Candidate Donald Trump’s biggest selling point was that he was supposedly a successful self-made entrepreneur who would use his private-sector know-how to “run government like a business.”

Many of us scoffed. After all, even if you believed he was a successful businessman — one who hadn’t, ahem, lost a billion dollars — managing a private company is nothing like helming a government.

But in retrospect, we doubters were wrong. Trump’s business practices turn out to have told us a lot about how he would serve as president, and not only because in both settings he surrounded himself with sycophants and family members. In fact, many of the practices that benefited him as a private businessman seem to be serving Trump himself — if not exactly the country — quite well as president.

At least in the near term, anyway.

On Monday, for instance, the Trump administration declared it would not provide the president’s tax documents to the House Ways and Means Committee, despite a nearly century-old law explicitly stating that the treasury secretary “shall furnish” any tax documents that this committee’s chair requests. House Democrats are deciding whether to challenge this decision (as well as other administration stonewalling) in court, a process that could drag on for months, if not years.

Nothing about this should surprise. The administration’s strategy here echoes Trump’s entire private-sector career.

To Trump, clearly, the law is merely an opening offer in any negotiation, in response to which he assembles an army of lawyers and uses the threat of exhausting and expensive litigation to pressure the other side to cede ground. He’s shown this in his 100-plus disputes over his tax obligations, as well as hundreds of other lawsuits over his reneging on legally binding contracts.

Or — speaking of tax disclosures — consider some of the findings in the New York Times’s recent blockbuster report on Trump’s tax records.

The reporters explain how in the late 1980s, Trump made millions in the stock market by borrowing money to buy shares in a company, publicly suggesting he was about to take over that company, and then quietly selling on the resulting rally. Eventually, however, other investors began to recognize that these takeover claims were a ruse. In 1990, the Times found, he lost $35 million on short-term trades, equivalent to about half of what he gained in such transactions over the previous four years.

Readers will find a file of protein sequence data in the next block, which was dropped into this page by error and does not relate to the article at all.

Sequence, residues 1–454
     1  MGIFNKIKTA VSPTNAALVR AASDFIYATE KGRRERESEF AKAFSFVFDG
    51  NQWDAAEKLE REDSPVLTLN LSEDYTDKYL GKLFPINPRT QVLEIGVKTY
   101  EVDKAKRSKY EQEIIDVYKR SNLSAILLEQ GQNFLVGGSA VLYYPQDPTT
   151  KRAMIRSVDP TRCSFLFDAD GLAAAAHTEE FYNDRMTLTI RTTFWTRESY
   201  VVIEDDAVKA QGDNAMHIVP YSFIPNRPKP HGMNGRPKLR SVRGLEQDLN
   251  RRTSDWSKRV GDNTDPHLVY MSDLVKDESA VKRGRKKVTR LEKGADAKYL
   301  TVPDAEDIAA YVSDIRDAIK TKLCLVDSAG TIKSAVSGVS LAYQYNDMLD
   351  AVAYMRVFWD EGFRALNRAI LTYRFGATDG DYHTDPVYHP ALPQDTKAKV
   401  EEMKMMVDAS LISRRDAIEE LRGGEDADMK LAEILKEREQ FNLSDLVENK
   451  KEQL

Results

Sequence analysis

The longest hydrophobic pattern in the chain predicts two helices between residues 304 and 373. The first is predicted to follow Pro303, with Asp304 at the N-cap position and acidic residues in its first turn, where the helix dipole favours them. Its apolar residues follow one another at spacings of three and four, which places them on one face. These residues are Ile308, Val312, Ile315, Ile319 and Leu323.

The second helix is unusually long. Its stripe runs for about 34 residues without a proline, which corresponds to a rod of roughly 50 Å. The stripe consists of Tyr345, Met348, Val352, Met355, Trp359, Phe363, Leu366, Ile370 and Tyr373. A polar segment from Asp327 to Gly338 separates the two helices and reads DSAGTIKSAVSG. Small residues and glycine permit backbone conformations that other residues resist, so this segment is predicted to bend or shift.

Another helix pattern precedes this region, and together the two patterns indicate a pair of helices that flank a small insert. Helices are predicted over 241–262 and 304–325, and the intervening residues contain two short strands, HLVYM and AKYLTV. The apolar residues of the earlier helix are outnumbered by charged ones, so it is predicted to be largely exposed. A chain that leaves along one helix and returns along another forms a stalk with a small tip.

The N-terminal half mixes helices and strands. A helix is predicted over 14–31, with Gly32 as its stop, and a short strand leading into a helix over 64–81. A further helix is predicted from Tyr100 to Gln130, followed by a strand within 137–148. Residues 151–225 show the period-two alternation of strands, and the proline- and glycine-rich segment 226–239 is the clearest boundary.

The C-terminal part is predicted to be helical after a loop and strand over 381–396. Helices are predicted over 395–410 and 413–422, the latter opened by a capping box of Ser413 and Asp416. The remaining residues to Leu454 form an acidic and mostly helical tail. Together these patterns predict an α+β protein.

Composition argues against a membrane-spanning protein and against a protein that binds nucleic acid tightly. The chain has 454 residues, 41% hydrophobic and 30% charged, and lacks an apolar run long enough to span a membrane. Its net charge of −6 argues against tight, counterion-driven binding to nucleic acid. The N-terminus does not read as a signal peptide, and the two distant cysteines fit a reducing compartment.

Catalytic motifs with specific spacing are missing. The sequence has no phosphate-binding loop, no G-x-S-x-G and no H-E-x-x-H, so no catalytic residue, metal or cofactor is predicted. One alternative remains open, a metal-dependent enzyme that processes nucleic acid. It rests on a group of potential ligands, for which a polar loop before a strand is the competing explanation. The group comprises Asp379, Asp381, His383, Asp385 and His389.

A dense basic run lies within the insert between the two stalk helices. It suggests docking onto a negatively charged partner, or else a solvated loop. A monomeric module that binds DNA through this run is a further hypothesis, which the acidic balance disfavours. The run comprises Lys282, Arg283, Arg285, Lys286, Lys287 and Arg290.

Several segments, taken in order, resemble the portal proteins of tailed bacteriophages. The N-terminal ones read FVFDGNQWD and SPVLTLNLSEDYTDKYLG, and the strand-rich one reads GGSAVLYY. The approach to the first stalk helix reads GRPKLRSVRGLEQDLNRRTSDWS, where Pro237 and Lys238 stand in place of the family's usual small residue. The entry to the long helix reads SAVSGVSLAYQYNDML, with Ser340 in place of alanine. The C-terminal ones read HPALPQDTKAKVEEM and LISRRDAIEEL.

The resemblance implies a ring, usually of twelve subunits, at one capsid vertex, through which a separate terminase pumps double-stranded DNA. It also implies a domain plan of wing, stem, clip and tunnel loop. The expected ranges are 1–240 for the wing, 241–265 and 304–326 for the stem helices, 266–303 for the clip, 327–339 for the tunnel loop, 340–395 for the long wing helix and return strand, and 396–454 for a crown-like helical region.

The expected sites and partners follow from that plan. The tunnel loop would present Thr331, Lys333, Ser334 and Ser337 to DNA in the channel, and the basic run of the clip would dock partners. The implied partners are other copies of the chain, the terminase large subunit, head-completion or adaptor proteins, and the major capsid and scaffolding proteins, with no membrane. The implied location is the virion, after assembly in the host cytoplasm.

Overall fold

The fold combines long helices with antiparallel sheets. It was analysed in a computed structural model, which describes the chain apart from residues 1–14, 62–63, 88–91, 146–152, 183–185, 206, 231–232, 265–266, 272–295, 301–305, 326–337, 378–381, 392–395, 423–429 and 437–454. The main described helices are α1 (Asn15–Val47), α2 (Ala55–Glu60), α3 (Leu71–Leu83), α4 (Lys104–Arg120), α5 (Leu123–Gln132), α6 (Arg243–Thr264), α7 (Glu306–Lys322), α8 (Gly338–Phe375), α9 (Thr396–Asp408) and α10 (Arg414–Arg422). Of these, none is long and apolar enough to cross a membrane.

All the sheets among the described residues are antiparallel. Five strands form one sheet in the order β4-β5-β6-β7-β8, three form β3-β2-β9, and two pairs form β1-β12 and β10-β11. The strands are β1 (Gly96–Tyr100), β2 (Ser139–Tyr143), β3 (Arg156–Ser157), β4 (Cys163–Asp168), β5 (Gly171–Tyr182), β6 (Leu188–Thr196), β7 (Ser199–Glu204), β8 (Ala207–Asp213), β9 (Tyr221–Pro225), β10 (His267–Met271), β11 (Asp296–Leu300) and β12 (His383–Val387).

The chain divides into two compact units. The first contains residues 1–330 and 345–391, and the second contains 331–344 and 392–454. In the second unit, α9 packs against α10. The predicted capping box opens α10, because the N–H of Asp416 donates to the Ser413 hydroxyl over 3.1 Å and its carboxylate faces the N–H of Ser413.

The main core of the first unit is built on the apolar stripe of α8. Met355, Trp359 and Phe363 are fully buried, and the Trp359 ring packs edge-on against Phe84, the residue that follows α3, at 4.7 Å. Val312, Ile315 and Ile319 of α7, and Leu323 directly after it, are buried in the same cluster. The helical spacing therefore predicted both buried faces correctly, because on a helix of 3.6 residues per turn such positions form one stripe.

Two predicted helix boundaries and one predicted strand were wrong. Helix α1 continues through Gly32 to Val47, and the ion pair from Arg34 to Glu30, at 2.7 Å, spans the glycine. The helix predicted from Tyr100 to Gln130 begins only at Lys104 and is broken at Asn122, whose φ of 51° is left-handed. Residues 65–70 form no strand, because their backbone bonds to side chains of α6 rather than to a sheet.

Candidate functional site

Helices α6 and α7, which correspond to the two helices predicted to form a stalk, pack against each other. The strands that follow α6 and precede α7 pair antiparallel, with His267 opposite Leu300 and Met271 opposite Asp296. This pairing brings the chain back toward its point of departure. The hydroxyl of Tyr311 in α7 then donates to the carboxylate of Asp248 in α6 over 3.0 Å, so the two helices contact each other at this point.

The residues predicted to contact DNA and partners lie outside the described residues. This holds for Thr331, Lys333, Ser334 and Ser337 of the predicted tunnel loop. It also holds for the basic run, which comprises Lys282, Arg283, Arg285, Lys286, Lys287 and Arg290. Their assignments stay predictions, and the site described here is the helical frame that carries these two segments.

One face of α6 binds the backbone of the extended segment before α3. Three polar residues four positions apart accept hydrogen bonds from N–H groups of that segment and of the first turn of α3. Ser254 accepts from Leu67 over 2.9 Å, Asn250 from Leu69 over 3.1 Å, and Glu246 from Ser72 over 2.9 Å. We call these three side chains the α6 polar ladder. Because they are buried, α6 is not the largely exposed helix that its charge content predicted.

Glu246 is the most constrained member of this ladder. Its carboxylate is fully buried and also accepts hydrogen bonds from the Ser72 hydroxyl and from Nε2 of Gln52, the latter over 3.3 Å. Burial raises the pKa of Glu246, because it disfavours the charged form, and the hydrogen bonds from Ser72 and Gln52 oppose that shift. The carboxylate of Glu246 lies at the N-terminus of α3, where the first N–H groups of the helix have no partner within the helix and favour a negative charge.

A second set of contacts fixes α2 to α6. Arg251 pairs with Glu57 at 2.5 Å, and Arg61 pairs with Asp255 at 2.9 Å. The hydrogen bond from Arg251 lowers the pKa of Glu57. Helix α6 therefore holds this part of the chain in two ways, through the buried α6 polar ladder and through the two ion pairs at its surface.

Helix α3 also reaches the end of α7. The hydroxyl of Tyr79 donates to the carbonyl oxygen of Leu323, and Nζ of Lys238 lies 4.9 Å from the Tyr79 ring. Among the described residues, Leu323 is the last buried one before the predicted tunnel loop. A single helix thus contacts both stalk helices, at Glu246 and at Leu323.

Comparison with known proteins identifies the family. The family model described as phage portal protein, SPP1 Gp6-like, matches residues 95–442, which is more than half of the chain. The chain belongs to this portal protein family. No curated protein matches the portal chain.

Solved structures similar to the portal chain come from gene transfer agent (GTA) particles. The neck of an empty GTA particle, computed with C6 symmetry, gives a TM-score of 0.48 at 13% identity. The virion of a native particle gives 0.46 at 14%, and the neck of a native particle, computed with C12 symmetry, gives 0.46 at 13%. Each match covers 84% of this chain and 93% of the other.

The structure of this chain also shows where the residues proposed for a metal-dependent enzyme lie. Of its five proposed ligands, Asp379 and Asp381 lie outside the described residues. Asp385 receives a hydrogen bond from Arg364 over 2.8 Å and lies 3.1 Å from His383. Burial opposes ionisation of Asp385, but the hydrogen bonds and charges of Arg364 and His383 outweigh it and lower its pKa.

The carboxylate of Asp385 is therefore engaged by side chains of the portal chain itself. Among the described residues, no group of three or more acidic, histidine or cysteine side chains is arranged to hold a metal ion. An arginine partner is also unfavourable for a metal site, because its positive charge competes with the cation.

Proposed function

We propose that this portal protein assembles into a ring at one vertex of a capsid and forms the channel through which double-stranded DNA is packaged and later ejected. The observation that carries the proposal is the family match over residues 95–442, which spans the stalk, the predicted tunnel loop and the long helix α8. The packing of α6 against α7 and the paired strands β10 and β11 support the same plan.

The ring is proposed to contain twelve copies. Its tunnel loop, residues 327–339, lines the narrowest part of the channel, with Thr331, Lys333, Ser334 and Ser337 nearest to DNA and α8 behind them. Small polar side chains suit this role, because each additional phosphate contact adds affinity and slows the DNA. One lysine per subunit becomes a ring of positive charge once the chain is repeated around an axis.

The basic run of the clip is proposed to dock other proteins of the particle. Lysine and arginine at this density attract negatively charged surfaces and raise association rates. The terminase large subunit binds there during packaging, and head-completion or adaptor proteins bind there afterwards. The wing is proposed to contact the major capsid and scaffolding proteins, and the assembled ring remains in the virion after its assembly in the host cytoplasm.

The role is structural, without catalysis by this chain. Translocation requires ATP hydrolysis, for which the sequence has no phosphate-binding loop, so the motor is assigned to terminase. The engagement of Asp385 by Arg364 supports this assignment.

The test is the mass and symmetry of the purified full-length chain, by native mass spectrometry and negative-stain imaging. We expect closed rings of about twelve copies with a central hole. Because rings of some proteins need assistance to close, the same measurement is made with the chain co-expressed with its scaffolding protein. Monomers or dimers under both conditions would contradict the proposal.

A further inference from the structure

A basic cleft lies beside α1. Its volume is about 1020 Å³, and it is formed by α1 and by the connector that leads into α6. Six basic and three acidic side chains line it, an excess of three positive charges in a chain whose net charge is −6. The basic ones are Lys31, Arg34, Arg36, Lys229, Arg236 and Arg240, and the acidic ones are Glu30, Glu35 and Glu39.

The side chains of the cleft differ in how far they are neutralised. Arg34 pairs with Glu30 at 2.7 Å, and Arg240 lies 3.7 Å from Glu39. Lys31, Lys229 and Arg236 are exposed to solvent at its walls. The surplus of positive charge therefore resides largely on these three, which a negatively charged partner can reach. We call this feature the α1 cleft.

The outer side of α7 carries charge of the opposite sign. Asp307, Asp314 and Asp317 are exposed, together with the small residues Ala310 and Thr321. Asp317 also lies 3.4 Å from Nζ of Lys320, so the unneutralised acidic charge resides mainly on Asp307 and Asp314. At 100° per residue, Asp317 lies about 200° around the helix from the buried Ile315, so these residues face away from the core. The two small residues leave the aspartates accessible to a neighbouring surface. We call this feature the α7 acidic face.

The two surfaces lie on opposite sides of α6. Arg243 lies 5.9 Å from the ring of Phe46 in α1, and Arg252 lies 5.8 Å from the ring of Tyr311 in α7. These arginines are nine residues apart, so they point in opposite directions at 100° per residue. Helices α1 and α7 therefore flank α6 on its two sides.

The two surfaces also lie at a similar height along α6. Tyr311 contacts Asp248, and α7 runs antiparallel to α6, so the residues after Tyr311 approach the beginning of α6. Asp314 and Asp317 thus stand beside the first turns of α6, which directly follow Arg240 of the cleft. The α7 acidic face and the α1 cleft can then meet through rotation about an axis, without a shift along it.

One might argue that, as president, Trump has attempted a similar pump-and-dump-style scheme involving the overall economy.

After all, Trump has borrowed $2 trillion to pump the economy with a short-term tax-cut-and-spending-hike fiscal stimulus. He’s counting on that stimulus to get him through the next election. He does not appear to realize that even if his scheme works, at some point the impact of the stimulus will fade, the economy will turn, and the government will have no credible ammunition left.

Maybe he’s assuming he’ll be gone by then. Or maybe the threat of a downturn on his watch explains why he’s already begun applying another strategy that served him well in the private sector: When the numbers aren’t in your favor, simply invent new numbers.

As a private businessman, when Trump’s net worth wasn’t as high as he wanted, he changed the formula for calculating his net worth. Specifically, he plucked, seemingly out of thin air, a suspiciously round and dubiously large additional asset to add to his balance sheet: his “brand value.” According to a financial statement that former Trump lawyer Michael Cohen gave Congress, and that Cohen said was provided to private lenders and Forbes magazine, Trump assessed the value of his “brand” at $4 billion — nearly half his newly inflated net worth.

The Trump administration has developed a similar strategy on the economy.

This week, the administration proposed a change to how the government sets the official poverty line. That line, for those unfamiliar, is an income threshold that determines eligibility cut-offs for various safety-net programs, such as food stamps, housing assistance and Medicaid.

The administration has proposed changing the formula used to adjust the poverty threshold for inflation each year so that the income cutoff rises more slowly. Over time, this would reduce the number of people who count as “poor” and who are therefore eligible to receive Medicaid or food stamps — not because their living standards have actually improved but because the administration has arbitrarily altered its math.

Just as then-private-businessman Trump tried to redefine how we measure his wealth, now-president Trump is working to redefine how we measure others’ poverty.

There’s a theme lurking in all this Trumpian trickery. It’s that, in both business and politics, reality is often overrated. With enough hot air, even an obvious fraud can stay afloat — for longer than many of us ever expected.

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